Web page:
Birth Certificate of Wassily Leontief jr., dated 4 October 2005, City of Munich. Source: Handed to his daughter Svetlana Alpers.

Appendix B

Fig. B1.

Official document of Leontief‘s Ph.D. Source: Archive, Humboldt University Berlin.

Appendix C

Fig. C1.

Fax letter from Leontief (New York) to Lowe (Wolfenbüttel, Germany) congratulating Lowe to his hundredth birthday on 4 March 1993. >Source: Copy given by Lowe to the author.

1 See the special theme in honor of Leontief’s 90 th birthday edited by Duchin, Structural Change and Economic Dynamics, 6 (3), August 1995.
3 In April 2020 on the website of The Sveriges Riksbank Prize in Economic Sciences in Memory of Alfred Nobel it still reads that Leontief was born in St. Petersburg on 5 August 1906. This error is even engraved on Leontief’s tombstone in Connecticut (see Bjerkholt and Kurz, 2006, p. 332). On the history of the Leontief family, see Leontief (1987), Kaliadina and Pavlova (2006), and Kaliadina (2006).
4 His mother had converted to the Orthodox faith three days before and received the name Evgenia at her baptism. The Leontief family remained faithful to the Old Believers. The reservations of the grandmother towards a Jewish daughter-in-law probably contributed to the confusion regarding Leontief’s birthdate.
5 In his letter to the Dean of the Philosophical Faculty Leontief opted for Economics as the main field for the oral exam, Bortkiewicz and Sombart as the two referees, and for Philosophy and History as subsidiary subjects.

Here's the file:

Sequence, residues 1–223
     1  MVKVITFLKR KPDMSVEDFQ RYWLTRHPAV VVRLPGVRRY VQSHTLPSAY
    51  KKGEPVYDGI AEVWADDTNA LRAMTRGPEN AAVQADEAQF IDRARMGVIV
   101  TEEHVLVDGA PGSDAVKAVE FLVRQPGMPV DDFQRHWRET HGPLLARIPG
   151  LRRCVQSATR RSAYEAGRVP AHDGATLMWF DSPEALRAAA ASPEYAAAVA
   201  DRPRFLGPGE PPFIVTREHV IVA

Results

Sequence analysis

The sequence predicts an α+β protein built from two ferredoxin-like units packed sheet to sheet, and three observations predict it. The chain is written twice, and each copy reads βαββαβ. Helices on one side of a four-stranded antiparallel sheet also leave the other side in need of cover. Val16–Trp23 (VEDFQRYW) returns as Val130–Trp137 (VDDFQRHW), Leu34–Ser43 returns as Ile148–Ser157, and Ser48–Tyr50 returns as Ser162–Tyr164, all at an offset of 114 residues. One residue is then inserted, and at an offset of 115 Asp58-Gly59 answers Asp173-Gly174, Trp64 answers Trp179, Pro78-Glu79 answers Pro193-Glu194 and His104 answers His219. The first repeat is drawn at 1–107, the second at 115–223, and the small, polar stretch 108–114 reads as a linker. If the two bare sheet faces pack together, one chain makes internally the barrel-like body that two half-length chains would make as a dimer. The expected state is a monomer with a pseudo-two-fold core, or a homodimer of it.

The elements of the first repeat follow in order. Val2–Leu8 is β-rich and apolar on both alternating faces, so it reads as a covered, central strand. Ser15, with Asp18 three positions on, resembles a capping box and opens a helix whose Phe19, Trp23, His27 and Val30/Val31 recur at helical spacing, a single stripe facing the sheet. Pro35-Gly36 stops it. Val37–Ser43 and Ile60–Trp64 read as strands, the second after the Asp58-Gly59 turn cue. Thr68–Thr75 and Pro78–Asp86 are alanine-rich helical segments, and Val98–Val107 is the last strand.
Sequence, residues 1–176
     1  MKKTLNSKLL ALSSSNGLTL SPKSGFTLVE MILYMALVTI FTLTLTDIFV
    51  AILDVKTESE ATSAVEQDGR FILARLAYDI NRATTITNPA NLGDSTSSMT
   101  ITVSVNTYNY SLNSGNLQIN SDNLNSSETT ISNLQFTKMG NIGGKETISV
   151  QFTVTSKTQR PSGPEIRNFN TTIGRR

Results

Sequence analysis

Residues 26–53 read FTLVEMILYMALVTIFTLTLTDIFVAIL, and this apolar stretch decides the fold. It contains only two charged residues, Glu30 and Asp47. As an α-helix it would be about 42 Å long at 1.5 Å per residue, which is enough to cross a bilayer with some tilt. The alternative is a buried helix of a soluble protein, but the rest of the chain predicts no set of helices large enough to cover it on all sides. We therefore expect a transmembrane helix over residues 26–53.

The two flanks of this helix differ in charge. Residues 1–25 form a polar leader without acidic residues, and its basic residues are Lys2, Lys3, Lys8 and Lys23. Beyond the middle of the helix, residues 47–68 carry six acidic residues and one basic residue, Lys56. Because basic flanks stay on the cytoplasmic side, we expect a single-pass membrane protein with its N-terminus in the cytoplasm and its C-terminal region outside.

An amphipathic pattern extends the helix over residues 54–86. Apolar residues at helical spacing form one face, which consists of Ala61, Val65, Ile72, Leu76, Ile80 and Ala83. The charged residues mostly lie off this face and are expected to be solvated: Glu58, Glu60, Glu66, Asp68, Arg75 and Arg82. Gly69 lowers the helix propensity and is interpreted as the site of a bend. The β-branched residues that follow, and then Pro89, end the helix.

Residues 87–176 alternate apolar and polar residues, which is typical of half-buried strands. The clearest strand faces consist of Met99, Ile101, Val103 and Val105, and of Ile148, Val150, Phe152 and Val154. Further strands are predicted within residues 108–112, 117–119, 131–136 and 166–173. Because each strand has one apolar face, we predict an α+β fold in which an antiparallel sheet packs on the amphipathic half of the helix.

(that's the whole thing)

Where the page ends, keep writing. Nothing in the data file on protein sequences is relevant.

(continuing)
6 The overall result of the oral exam which was chaired by Bortkiewicz was cum laude. The examiners (in this order) were Professor Breysig in History (summa cum laude), Kähler in Philosophy (cum laude — magna cum laude), Sombart (rite) and Bortkiewicz (cum laude) in Economics. Bortkiewicz concludes the minutes with the statement that, similar to his colleague Sombart, “he has gained the impression that the positive knowledge of the candidate is not fully on a level with his perceptive capability and talent.”
7 In 1924–1925 the activity of the Faculty of Social Sciences at the University of Leningrad was gradually curtailed. The prolonged period of closure contributed to the bureaucratic difficulties Leontief had to face in Berlin because his Russian diploma from 1924 was only a first degree (equivalent to B.A.). On the claims of the Faculty in 1924–1925, on the opening of a new Faculty of Economics at Leningrad State University in 1940 and the fate of this faculty in late Stalinism see Melnik (2018).
8 On the initiative of Michael Burda the Economics Faculty of the Humboldt University presented an honorary renewal of his doctoral degree to Leontief on April 18th, 1995. See Burda (1995).
9 Iossif Michailowitch Kulischer (1878–1934) was one of the leading economic historians in Russia in the 1910s and 1920s. He had close connections with the German Historical school. See Bjerkholt (2016, p. 23) for Kulisher’s recommendation letter for Leontief to Sombart dated March 20 th, 1925.